Graham: I'm seeking to make Trump successful 'but not at all costs'

Sen. Lindsey GrahamLindsey Olin GrahamImpeachment week: Trump probe hits crucial point Graham on the impeachment inquiry: 'I made my mind up. There's nothing there' Rand Paul says Trump has 'every right' to withhold Ukraine aid over corruption MORE (R-S.C.) says he chose to be "reflective" after losing to President TrumpDonald John TrumpThis week: House kicks off public phase of impeachment inquiry Impeachment week: Trump probe hits crucial point Judd Gregg: The big, big and bigger problem MORE in the 2016 Republican primary race.

The longtime Senator appears in a promo video for the next episode of "Axios on HBO."

"[Hillary ClintonHillary Diane Rodham Clinton3 ways government can help clean up Twitter Intelligence Democrat: Stop using 'quid pro quo' to describe Trump allegations The Memo: Bloomberg's 2020 moves draw ire from Democrats MORE] was secretary of State, first lady, United States senator. She lost to Donald Trump," Graham tells Axios in the promo."

"I lost to Donald Trump," he added.

Graham also tells the news outlet that he chose "to try to find out how to make Trump successful but not at all costs."

Throughout Trump's presidency, Graham has been one of the president's staunchest supporters.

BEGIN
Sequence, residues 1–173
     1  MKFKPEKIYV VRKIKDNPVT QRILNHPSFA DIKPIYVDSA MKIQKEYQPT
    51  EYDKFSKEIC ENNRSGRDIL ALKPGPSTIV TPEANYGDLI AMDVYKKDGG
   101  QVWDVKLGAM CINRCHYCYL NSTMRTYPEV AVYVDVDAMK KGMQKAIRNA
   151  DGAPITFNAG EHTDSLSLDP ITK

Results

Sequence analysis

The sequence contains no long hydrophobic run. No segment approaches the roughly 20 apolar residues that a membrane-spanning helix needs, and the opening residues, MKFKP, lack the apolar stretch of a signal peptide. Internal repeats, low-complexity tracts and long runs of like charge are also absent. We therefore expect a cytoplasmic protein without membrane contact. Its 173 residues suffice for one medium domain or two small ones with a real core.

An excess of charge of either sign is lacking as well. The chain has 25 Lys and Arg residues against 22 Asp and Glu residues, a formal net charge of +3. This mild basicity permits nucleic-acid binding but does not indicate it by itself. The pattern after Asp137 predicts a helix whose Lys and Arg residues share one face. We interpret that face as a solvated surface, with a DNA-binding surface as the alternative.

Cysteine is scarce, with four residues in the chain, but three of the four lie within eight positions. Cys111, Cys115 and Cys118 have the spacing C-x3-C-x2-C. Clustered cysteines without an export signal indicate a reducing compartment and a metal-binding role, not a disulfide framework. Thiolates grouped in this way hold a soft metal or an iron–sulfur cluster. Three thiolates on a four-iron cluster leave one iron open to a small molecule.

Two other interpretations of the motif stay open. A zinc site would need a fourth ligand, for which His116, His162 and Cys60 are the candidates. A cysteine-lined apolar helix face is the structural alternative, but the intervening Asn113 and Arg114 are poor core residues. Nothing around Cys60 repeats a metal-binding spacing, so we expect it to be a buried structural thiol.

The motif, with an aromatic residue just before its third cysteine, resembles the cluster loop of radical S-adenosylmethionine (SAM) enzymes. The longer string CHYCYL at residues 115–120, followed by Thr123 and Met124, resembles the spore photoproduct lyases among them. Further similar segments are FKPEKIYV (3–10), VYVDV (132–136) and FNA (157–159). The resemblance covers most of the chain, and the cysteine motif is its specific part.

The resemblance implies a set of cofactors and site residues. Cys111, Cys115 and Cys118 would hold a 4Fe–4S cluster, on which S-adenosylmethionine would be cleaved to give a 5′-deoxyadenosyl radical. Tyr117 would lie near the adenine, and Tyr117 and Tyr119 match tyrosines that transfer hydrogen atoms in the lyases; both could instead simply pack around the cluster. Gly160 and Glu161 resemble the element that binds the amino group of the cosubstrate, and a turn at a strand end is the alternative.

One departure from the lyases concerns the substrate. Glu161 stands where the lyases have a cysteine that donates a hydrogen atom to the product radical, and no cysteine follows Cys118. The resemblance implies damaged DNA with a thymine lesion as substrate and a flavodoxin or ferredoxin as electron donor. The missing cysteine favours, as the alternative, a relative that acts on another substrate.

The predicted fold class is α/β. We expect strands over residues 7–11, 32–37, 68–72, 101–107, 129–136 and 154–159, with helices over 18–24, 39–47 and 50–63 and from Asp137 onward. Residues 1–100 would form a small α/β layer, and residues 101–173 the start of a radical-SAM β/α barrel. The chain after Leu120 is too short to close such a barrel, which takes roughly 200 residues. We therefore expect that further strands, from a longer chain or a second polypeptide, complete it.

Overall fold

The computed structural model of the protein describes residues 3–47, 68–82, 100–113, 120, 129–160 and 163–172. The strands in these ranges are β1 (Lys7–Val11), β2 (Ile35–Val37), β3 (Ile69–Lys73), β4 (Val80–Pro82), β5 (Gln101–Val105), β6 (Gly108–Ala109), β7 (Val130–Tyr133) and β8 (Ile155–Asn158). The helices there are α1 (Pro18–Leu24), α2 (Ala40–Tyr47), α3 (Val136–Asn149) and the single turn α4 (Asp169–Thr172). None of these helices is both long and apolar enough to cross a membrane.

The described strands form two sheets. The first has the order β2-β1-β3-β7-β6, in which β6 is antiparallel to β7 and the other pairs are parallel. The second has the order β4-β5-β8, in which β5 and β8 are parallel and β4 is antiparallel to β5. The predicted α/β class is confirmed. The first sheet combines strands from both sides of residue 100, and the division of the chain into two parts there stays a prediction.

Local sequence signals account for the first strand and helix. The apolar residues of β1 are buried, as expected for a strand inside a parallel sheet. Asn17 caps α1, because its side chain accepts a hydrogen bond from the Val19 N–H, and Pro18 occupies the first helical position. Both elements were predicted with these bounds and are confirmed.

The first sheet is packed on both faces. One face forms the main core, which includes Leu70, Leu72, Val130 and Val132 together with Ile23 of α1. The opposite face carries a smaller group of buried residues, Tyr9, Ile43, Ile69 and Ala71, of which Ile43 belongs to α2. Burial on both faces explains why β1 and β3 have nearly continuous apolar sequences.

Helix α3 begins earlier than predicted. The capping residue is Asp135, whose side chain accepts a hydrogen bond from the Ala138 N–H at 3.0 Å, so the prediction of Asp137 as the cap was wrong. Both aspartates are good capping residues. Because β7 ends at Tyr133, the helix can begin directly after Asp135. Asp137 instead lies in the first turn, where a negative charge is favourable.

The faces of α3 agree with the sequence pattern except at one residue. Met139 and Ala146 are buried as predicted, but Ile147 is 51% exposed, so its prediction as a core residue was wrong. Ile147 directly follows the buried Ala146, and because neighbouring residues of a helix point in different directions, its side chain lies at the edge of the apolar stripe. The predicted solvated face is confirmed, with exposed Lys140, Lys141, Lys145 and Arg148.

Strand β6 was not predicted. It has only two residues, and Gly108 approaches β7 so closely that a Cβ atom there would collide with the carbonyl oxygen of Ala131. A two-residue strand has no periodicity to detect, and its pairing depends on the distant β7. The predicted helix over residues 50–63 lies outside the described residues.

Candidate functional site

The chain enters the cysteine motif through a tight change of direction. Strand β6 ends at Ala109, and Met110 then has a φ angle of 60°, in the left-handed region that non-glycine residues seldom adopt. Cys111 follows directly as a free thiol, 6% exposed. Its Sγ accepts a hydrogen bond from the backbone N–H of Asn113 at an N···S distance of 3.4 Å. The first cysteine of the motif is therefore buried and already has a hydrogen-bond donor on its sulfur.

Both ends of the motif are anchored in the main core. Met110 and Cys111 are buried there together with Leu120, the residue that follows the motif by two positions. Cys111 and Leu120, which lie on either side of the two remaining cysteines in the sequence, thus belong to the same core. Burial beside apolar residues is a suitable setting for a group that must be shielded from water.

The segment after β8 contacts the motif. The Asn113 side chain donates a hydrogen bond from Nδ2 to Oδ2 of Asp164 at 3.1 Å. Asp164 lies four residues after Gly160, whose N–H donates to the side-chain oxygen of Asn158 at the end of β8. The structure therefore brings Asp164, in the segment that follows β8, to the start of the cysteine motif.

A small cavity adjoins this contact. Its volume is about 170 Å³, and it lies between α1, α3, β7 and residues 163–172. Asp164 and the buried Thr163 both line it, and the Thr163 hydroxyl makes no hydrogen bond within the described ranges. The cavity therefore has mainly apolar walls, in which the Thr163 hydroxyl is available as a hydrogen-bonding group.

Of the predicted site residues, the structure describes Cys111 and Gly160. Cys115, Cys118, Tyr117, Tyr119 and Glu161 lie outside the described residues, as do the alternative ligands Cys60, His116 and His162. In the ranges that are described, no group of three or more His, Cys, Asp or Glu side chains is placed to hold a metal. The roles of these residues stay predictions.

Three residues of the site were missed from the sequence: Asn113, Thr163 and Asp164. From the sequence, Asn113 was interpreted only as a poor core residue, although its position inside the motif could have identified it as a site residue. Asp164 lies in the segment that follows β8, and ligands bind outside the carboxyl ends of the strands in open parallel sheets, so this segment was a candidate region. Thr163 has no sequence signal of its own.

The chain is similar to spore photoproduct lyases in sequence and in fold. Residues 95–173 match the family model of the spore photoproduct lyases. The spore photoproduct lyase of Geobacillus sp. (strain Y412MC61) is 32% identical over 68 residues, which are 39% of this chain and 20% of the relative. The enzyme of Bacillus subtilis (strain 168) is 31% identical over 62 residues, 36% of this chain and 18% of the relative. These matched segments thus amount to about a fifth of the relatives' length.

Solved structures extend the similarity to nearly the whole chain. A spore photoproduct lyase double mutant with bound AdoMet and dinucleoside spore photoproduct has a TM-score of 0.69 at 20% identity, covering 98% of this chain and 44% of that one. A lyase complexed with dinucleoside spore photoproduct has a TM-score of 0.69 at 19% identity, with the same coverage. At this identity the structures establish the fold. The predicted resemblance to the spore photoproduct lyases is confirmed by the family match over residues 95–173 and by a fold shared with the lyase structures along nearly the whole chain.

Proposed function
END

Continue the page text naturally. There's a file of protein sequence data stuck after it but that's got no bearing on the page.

However, Graham — a known defense hawk — was one of Trump's loudest critics after the president decided to remove U.S. troops from the northeastern border of Syria last week.

At the time, Graham said the policy move could end up being the biggest mistake of Trump's presidency if it isn't reversed.

Similarly, the senator, a member of the Senate Foreign Relations Committee, showed apprehension over the Turkish cease-fire that was facilitated by Vice President Pence and Secretary of State Mike PompeoMichael (Mike) Richard PompeoIran lays foundation for second nuclear plant: report Pompeo knocks Iran's treatment of UN nuclear inspector Reagan statue unveiled near site where he called for Gorbachev to 'tear down' Berlin Wall MORE earlier this week. 

General Mazloum Abdi, the commander of the Syrian Democratic Forces, "is concerned about the cease-fire holding and was emphatic that he will never agree to the ethnic cleansing of Kurds that is being proposed in Ankara," Graham tweeted.

"A buffer zone is acceptable to the Kurds but a military occupation that displaces hundreds of thousands is not a safe zone. It is ethnic cleansing," he added.

The cease-fire is supposed to last five days, during which Kurdish forces will vacate Turkish President Recep Tayyip Erdoğan's desired "safe zone."